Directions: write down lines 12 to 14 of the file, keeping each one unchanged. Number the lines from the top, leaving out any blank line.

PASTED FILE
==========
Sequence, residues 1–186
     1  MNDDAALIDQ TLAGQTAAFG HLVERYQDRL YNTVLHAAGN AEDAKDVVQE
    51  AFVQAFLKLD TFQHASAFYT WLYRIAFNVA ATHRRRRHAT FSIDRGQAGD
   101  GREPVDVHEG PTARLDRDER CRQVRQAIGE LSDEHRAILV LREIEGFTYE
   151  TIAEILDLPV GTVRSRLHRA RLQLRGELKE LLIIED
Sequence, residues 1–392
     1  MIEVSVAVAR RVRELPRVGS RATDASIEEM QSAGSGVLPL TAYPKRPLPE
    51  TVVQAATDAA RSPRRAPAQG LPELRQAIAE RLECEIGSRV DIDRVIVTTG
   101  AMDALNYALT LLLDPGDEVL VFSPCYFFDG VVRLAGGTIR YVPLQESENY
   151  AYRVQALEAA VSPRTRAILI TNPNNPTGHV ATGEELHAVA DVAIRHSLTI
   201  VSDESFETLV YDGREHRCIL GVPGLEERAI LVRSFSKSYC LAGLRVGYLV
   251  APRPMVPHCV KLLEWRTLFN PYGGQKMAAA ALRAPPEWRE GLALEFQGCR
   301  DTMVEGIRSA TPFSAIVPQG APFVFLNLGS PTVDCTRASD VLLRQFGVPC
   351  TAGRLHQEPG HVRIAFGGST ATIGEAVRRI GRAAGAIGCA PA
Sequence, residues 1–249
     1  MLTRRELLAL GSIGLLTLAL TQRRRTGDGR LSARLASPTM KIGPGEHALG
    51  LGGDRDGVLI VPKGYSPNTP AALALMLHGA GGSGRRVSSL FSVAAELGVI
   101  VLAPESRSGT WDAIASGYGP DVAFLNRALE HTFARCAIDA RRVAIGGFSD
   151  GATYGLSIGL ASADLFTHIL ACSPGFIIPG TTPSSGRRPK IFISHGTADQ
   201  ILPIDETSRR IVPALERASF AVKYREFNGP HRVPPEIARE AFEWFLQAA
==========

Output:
   251  APRPMVPHCV KLLEWRTLFN PYGGQKMAAA ALRAPPEWRE GLALEFQGCR
   301  DTMVEGIRSA TPFSAIVPQG APFVFLNLGS PTVDCTRASD VLLRQFGVPC
   351  TAGRLHQEPG HVRIAFGGST ATIGEAVRRI GRAAGAIGCA PA